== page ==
The Google Pixel 2 XL hasn't even been released yet, but users with review units are already noticing what could become a big problem for the premium handset: screen burn-in.
While the phones do boast a plethora of cool features including a HDR+ processing chip, some users of the Pixel 2 XL are reporting instances of screen burn-in on the larger of the two models. However, for the fact that, the device still has a single camera incorporation and the removal of the 3.5 mm headphone jack has caused a lot of chaos in the fan base.
A post by Android Police's Alex Dobie clearly shows that the soft navigation buttons have burnt-in to the OLED display after just one week and since it was first reported, other (mostly journalists) have said the same. According to specialist website Android Central, after being in use for around a week, the Pixel 2 XL has been exhibiting signs. Google issued a statement to The Verge saying it is "actively investigating" users' reports.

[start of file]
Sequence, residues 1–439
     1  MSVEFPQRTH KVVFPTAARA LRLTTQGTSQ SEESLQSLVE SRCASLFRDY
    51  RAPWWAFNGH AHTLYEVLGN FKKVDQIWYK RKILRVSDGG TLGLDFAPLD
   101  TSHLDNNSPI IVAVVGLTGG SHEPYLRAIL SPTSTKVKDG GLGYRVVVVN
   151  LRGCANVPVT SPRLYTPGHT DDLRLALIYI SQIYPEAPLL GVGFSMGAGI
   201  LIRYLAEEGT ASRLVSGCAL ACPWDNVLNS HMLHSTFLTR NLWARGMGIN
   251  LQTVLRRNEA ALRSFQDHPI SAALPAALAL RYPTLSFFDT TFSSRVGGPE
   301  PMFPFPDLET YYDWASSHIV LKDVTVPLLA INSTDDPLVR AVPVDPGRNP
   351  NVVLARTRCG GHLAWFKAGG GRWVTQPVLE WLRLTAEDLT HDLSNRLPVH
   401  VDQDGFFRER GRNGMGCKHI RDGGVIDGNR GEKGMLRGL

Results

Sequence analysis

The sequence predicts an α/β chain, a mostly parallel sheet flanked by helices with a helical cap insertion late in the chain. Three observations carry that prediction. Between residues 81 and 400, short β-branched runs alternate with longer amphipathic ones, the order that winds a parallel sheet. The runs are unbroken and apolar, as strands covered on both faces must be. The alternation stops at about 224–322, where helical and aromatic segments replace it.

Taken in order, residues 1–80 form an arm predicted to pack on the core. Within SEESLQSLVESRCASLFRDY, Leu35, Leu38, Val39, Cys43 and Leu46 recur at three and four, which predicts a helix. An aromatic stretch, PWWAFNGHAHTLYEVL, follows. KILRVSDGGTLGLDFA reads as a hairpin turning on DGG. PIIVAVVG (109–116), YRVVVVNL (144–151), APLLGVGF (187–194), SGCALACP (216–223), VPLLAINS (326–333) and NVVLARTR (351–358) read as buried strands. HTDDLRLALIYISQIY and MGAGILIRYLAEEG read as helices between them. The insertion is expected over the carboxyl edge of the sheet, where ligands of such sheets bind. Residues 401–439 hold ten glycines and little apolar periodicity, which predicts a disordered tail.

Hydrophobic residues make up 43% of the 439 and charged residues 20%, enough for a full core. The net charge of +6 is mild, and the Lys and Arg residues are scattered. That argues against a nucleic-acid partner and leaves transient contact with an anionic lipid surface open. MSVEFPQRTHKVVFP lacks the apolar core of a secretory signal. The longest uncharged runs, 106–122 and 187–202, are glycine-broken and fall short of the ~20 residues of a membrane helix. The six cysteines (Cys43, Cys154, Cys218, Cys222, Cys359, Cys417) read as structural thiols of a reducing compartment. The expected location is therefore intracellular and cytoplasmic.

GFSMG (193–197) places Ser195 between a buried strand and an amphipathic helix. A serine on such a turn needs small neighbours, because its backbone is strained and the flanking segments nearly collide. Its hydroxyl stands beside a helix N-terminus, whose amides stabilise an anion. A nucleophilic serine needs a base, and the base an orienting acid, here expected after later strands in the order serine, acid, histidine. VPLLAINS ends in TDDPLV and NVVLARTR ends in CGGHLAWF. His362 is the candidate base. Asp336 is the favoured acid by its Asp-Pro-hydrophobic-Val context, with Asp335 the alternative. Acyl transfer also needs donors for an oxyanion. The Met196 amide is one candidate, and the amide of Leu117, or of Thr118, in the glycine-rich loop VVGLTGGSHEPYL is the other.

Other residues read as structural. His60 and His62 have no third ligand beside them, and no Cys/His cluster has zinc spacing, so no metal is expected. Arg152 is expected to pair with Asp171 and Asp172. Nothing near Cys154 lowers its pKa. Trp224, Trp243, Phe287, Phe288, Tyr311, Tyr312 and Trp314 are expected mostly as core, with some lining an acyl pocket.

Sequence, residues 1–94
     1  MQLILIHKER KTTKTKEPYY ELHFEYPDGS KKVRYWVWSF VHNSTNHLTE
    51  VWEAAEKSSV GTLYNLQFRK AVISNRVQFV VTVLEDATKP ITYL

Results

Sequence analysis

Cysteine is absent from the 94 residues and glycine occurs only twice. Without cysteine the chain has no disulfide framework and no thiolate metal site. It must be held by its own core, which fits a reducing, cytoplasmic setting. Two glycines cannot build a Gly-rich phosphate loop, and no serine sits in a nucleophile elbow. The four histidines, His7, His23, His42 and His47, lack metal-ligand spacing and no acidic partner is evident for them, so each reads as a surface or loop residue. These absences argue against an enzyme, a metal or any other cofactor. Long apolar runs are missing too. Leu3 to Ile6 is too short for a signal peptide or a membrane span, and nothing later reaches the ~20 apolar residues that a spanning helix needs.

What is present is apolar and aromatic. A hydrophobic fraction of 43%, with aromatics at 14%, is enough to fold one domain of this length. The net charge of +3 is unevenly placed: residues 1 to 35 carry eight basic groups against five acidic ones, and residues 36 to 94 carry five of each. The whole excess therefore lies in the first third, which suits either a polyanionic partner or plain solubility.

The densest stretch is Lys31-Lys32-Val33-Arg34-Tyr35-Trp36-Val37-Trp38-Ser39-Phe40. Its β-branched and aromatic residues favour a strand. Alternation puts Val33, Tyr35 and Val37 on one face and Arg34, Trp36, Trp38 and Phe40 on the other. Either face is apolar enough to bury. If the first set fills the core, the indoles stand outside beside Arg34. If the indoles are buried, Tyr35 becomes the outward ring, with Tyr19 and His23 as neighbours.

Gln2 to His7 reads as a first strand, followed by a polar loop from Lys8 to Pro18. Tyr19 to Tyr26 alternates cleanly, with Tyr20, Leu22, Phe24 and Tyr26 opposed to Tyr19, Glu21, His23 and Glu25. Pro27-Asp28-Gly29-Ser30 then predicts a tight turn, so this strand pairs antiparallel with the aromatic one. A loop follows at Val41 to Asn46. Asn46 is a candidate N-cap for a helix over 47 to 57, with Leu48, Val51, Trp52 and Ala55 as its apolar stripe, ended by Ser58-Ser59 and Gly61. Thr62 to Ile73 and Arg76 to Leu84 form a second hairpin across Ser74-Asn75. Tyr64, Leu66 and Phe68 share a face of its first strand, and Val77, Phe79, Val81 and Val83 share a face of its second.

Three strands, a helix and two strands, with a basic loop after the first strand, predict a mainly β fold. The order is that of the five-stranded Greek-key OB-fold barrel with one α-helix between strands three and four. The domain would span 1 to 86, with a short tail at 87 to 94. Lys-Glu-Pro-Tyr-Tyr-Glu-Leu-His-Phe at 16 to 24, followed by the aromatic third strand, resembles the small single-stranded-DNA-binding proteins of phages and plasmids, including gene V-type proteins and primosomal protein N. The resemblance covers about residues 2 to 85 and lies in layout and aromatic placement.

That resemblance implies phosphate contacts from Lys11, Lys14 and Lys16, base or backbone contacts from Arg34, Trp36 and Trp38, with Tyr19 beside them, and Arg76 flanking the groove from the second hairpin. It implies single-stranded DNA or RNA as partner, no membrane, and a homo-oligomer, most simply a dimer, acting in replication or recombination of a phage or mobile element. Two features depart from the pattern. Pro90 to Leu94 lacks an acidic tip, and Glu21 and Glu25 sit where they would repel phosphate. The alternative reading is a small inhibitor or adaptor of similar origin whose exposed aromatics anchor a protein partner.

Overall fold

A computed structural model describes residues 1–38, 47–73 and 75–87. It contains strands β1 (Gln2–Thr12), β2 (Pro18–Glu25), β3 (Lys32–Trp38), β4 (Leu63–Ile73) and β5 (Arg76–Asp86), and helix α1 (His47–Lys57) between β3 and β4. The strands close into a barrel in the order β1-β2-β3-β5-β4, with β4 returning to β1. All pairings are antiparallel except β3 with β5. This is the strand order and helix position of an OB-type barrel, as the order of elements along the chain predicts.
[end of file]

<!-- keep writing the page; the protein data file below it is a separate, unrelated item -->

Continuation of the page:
So, what do you think about this issue? Android Central's review unit suffered from the same screen burn-in.
OLED burn-in is a common problem in smartphones, however, the problem appearing so early on a device certainly is an alarming situation for Google. It usually takes the form of semi-visible images of previously displayed icons or video content left "burned" into the display even when they're no longer supposed to be visible.
When you look at a grey image in fullscreen, you can see a faint silhouette of the navigation bar at the bottom of the display, complete with outlines of the Back, Home, and Recent Apps soft keys. Ars Technica's Ron Amadeo observed inconsistent colors across the the LG V30's display, revealing its very real "banding" problems. Indeed, LG has used it before, in its G Flex 2 phones.
"You can't eyeball mobile and TV display performance anymore; they are now significantly more complex with lots of internal modes and variables that need to be properly tested, measured, and evaluated", Dr. Soneira told me in an email.
The ball's in Google's court. Google did not immediately comment on the issues.
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